hard heads soft hearts

a scratch pad for half-formed thoughts by a liberal political junkie who's nobody special. ''Hard Heads, Soft Hearts'' is the title of a book by Princeton economist Alan Blinder, and tends to be a favorite motto of neoliberals, especially liberal economists.

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Saturday, September 17, 2011
(Via Yglesias) JEFFREY GETTLEMAN (NYT) - Famine Ravages Somalia in a World Less Less Likely to Intervene

NYT - How to Help Victims of the East Africa Famine

Matthew Yglesias - Be The Change You Want To See In The World

NYT: Portraits of Grief

Wikipedia - Troy Davis Case

(Via Gary Farber) Lena Groeger (Wired) - The Dead, the Dollars, the Drones: 9/11 Era by the Numbers

Violet Socks - Reclusive Leftist
here’s an excerpt from Richard Clarke’s Against All Enemies, describing the conversations happening in the White House on September 12, 2001:

. . .Secretary Powell pushed back, urging a focus on al Qaeda. Relieved to have some support, I thanked Colin Powell and his deputy, Rich Armitage. “I thought I was missing something here,” I vented. “Having been attacked by al Qaeda, for us now to go bombing Iraq in response would be like our invading Mexico after the Japanese attacked us at Pearl Harbor.”

Powell shook his head. “It’s not over yet.”

Indeed, it was not. Later in the day, Secretary Rumsfeld complained that there were no decent targets for bombing in Afghanistan and that we should consider bombing Iraq, which, he said, had better targets. . .

I note with amusement that former Secretary Rumsfeld cancelled his subscription to the Times this morning in protest against Krugman’s column.

Susie Madrak - CBS/NYT Polling
. . .The poll found that nearly three-quarters of Republicans said they thought Social Security and Medicare were worth their costs.

Some pretty big clues there, Mr. President.

Arthur Silber - Once Upon a Time. . .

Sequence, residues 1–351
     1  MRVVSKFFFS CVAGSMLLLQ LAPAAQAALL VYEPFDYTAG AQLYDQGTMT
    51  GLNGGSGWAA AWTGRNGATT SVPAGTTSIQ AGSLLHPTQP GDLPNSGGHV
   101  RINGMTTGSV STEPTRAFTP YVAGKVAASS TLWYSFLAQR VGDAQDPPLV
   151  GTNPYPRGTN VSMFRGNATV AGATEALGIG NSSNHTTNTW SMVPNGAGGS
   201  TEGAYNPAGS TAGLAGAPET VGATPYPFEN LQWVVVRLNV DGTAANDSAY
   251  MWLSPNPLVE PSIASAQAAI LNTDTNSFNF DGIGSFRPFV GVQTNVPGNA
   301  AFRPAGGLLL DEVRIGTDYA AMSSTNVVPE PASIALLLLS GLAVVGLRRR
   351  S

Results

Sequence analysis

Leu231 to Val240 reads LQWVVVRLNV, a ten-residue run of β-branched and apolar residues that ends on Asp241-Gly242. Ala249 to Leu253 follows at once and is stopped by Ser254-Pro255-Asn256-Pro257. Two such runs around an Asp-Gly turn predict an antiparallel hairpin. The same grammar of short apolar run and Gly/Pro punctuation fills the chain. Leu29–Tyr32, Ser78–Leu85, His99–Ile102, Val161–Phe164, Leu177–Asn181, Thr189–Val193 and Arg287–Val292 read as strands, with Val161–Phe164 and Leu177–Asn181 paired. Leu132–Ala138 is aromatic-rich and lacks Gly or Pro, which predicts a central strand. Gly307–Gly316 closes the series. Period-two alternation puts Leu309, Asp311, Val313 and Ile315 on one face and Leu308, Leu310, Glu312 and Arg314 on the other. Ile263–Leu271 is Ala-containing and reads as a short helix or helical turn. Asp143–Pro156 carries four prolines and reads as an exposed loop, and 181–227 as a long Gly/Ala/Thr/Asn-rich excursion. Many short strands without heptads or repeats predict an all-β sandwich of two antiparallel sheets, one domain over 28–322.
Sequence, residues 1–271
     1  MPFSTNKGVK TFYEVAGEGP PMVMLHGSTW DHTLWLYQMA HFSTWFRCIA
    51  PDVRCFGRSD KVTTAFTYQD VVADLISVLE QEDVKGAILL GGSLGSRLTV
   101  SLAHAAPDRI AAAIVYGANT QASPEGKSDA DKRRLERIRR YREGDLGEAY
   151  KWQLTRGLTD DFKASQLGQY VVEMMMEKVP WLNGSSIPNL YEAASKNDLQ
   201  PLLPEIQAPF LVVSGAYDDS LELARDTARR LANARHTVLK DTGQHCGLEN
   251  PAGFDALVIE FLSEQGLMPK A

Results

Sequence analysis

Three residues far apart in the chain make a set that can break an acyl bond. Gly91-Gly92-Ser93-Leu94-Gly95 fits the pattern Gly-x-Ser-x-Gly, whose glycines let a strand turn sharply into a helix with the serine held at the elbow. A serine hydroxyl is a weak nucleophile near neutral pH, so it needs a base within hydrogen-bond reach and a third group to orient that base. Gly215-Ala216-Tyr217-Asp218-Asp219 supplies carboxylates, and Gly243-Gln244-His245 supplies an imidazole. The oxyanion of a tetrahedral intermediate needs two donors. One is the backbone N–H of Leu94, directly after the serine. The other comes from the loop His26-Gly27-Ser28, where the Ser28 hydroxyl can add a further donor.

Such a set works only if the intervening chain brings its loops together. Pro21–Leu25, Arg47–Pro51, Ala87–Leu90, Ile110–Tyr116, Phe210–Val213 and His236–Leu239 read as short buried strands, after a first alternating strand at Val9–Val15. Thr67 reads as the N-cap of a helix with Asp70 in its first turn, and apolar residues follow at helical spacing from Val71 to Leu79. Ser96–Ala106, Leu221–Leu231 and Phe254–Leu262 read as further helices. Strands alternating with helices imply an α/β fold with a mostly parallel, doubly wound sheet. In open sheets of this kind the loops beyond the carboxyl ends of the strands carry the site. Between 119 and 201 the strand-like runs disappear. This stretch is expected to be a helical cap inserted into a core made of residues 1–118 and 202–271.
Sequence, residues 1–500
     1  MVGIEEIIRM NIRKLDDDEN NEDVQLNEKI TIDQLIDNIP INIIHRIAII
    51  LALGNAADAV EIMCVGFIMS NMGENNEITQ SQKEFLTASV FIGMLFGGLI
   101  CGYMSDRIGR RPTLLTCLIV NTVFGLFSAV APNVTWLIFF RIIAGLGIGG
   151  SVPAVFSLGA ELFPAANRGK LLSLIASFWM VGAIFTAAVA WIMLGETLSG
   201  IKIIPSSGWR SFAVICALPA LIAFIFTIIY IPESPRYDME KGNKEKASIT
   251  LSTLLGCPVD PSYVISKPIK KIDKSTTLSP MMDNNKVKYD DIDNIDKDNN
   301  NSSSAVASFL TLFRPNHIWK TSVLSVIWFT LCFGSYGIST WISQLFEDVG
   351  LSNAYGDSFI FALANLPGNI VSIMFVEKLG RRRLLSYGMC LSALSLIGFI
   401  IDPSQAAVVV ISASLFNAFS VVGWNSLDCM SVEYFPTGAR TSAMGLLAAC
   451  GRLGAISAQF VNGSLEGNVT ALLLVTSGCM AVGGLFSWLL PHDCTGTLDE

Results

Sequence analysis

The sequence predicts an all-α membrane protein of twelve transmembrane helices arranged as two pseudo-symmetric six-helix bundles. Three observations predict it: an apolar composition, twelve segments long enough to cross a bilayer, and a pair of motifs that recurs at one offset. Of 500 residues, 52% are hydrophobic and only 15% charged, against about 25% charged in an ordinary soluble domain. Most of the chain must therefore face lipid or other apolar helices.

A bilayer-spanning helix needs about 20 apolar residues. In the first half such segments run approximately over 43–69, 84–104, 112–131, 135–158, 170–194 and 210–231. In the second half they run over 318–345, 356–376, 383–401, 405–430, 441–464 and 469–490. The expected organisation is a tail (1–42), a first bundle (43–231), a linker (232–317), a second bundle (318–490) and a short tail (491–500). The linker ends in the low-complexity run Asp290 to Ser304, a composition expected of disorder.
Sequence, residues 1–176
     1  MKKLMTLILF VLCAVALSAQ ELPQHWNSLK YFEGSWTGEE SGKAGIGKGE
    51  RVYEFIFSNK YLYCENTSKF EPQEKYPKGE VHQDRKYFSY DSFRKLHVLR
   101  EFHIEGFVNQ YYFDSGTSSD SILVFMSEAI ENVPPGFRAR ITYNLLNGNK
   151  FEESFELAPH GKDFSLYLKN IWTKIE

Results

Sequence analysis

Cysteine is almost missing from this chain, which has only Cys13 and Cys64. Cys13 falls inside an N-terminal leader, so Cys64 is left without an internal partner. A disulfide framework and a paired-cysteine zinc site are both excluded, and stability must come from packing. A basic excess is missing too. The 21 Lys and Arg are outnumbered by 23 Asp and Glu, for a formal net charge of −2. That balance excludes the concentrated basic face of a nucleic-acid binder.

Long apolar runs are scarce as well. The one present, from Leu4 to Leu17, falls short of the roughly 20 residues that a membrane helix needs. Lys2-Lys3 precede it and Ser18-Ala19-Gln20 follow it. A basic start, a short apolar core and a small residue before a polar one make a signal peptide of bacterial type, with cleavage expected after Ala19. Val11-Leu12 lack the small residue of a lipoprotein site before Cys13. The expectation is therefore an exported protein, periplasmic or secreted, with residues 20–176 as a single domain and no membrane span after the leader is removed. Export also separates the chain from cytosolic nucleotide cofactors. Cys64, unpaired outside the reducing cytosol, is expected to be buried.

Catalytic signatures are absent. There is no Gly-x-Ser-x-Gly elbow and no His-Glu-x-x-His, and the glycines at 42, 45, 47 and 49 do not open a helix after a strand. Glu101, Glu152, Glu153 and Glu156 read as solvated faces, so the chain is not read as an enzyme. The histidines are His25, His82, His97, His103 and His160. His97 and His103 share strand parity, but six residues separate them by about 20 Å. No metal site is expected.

Shorter Netanyahu: We're a good people, so it's not possible for us to do anything bad.
Siegbert Tarrasch: "It is not enough to be a good player: One must also play well."

tweets from dsquared & co:
DD "simple" plan for financial regulation: loan growth > deposit growth = visit from regulators

This is the fundamental fact. For the system, loans can't grow faster than deposits. So if a bank grows loans > dep, it ought to be a focus

Been telling people this for years. UK had a lending boom. It didn't have a simultaneous deposit boom. Hence, problems.

chrismealy Chris Mealy
@dsquareddigest just curious, are there deposit booms?

@chrismealy can't think of one ever happening, but it might possibly have happened sometime somewhere.

@chrismealy Of course, since every loan is a deposit, every lending boom is a deposit boom, somewhere, but somehow it never evens out

Re: Brooks column on limits of government responsibility for the economy, I think he's conflating productivity and employment. The three main fundamentals of an economy are productivity, distribution & employment. Government cannot magically increase productivity, can partially affect distribution (at least, it can make sure everyone has access to affordable basic education and health care), and not only can, it must be held accountable for achieving full-employment.

I actually think the productivity numbers would be more accurate and meaningful, and a better guide for policy, if they included the unemployed/discouraged workers in the calculations.

re: "let him die", I guess my fantasy "grand bargain" is that conservatives give up on the idea of lightening their load by chucking people off the bus, liberals give up on the idea of lightening their load by putting it all on the backs of the rich.

Conversation I had with someone:
"Obama can't do anything about jobs. No politician can. It's being driven by deep forces, outsourcing, globalization. Jobs will come back in this country only when wages equalize with India & China".

Me: What about Germany? Same first world wages, but they've been good at reducing unemployment.

"Oh, but their politics is completely different. . ."

Obviously, the world did not fall at Obama's feet after his jobs speech, but I still think his current strategy of proposing something that might work but might not pass is better than strategy of proposing something that might pass but won't work, or the strategy of proposing nothing because prosperity is just around the corner.

One other possible strategy: Congress, 1) here's your budget. 2) here's the number of jobs you must create 3) how you do it is up to you.

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